By Jason McKeown
Bradford City have pulled off their most notable signing of the summer so far with the news Callum Cooke has signed for the club on a two-year deal.
The 23-year-old rejoins the Bantams after impressing on loan last season. With a pass success ratio of 84.5%, Cooke was the fourth best passer of the ball in the whole of League Two last season. City have beaten off competition from other clubs who offered more lucrative terms, with Cooke’s desire to continue plying his trade at Valley Parade said to be the deciding factor.
It is a big boost for Stuart McCall, who is rebuilding the team from a starting base of no senior central midfielders on the books, following the clearing of the decks of last season. Cooke played under McCall briefly, producing a strong performance in the manager’s first game back, against Grimsby, before injury ruled him out for three games. Cooke’s first start back was the dismal 2-0 loss to Salford – the last game before Covid-19 hit.
Cooke originally joined City towards the end of the August 2019 transfer window, on loan from Peterborough. He made four promising cameos from the bench, before earning a first start in a September 3-2 defeat at Cheltenham. Up until that point, early season performances under Gary Bowyer were laboured and unconvincing. City lost at Waddon Road but played much better football, with Cooke at the heart of things.
In fact Cooke’s inclusion in the starting line up led to City’s best run of the season, as they won four and drew one of their next five games, climbing up to the promising heights of second. But Bowyer began to play Cooke in a deeper, defensive midfielder role that was less suited to his attack-minded strengths. After making a bad mistake in the last minute of a home defeat to Port Vale – costing City a goal that resulted in a 2-1 defeat – Cooke’s confidence took a dent. He was sent off in the next game, a 2-0 home win over Exeter, which earned a public blast from Bowyer.
From there Cooke’s performances failed to hit the same heights. The increasingly pragmatic style of football did not suit his performances. And he didn’t especially gel with the finally fit again Jake Reeves. Nevertheless, there was something admirable about Cooke’s bravery for the ball and willingness to make things happen. Ultimately, he was playing in a side not suited to his strengths.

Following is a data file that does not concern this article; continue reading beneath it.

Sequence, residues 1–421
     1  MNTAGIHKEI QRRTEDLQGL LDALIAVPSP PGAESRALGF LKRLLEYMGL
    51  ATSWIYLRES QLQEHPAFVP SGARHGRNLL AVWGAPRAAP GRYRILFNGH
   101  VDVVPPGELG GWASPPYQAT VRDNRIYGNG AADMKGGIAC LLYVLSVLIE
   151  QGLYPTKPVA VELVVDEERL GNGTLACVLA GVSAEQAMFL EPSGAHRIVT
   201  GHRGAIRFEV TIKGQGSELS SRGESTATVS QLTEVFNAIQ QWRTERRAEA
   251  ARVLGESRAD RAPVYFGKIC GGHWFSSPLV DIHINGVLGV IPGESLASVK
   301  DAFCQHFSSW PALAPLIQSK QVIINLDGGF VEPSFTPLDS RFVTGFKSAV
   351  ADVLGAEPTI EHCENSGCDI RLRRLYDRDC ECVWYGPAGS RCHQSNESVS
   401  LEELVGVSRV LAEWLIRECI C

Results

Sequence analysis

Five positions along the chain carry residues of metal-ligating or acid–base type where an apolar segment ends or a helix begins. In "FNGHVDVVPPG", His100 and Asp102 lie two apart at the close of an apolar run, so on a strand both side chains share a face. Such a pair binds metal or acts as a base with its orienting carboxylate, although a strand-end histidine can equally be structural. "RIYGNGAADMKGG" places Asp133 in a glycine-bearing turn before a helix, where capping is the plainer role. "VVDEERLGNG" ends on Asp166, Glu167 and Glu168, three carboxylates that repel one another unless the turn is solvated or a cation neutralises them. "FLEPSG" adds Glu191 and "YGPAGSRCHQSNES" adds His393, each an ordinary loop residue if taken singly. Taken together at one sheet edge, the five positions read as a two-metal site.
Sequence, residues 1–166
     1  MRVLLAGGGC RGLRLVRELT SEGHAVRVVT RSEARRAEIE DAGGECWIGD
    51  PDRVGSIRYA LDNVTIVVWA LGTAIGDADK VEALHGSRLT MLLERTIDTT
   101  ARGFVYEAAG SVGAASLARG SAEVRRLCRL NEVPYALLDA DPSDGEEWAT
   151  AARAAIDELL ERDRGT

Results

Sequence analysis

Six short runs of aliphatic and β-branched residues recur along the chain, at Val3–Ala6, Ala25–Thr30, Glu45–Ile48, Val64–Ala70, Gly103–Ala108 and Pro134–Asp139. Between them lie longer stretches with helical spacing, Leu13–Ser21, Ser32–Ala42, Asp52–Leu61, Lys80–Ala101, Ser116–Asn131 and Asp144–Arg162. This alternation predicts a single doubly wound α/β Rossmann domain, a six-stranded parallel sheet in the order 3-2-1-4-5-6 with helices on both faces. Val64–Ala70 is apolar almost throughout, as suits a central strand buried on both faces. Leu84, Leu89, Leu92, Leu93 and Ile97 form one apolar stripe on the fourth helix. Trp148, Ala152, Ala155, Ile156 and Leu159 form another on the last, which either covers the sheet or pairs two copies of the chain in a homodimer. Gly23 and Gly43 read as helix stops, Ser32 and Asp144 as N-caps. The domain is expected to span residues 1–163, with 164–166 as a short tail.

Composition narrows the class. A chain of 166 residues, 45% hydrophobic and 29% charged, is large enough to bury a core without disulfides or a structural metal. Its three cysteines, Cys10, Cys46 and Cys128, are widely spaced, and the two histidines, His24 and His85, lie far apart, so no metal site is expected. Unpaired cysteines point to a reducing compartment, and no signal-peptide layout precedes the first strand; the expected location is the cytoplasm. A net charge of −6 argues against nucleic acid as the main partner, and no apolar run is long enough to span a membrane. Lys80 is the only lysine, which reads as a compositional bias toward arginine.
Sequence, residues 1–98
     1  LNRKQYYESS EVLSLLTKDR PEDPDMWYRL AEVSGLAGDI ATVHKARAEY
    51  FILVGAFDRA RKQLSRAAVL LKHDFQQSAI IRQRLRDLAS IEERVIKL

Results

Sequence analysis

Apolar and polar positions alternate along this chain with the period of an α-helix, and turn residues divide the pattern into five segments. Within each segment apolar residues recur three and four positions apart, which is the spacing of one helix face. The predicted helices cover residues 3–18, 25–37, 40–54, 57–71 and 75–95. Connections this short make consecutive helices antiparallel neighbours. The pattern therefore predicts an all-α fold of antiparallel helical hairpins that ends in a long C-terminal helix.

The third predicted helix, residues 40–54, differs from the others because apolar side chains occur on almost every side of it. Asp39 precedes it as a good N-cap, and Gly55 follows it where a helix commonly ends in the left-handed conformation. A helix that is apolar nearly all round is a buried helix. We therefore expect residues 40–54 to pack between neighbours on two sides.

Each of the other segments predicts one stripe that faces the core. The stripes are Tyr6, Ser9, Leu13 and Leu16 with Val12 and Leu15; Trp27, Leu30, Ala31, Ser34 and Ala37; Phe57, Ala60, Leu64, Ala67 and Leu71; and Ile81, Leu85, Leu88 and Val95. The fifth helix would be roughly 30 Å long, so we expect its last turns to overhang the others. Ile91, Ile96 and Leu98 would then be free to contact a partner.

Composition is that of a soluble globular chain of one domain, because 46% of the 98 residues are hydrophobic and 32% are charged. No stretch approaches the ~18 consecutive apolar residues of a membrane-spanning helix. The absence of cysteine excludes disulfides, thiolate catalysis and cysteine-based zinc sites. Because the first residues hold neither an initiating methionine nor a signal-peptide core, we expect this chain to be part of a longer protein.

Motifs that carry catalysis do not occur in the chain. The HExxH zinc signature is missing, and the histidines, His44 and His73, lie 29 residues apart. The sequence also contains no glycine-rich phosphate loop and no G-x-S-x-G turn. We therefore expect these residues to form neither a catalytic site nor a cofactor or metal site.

You would expect that Cooke will prove better suited to playing under a more attack-minded manager like McCall. He will also enjoy linking up with someone like Billy Clarke, who will probably play just in front of him. With strong rumours young midfielder Elliot Watt will also be making a permanent move from Wolves, the midfield for next season is beginning to take shape.
For Cooke, this represents a really important career move. The Peterlee-born midfielder emerged through the youth ranks at Middlesbrough, but his first team opportunities peaked with CheckaTrade trophy appearances for Boro’s under 23s side. A loan move to Crewe over the second half of 2016/17 saw Cooke net four times in 18 appearances. Cooke spent 2017/18 on loan at Blackpool, playing under Bowyer, where again he did reasonably well – leading to Peterborough signing him for an undisclosed fee on the eve of the 2018/19 season.
Peterborough – with their reputation for finding, improving and selling on gems for large fees – seemed like a good fit for Cooke. But he only made 10 starts for Posh, and was quickly deemed surplus to requirements. When on loan at City last season, Peterborough owner Darragh MacAnthony repeatedly made it clear Cooke was available on a permanent deal.
The problem for City was they were only able to pay a portion of his sizeable Peterborough wages. So when his loan at Valley Parade ended, it appeared that would be it.
Cooke will be attracted by the lure of first team football at City, which is exactly what he needs at this stage of his career. A clever passer with a decent shot within him, Cooke’s next stage is to turn potential into greater reliability. To show he can play week in week out, and can continue to grow from there. At his very best for City last season, Cooke looked a player far too good for League Two. This move is his chance to really grasp regular football, and begin to fulfil his potential.
For City this is a coup without question. There have rightly been fears over the quality of players coming in this summer, and though rumours have persisted the Bantams were chasing him, his wages appeared too high. Yesterday’s revelations about salary cap changes have probably allowed City to push the boat more than they thought they could – and so Cooke is now a Bradford City player again.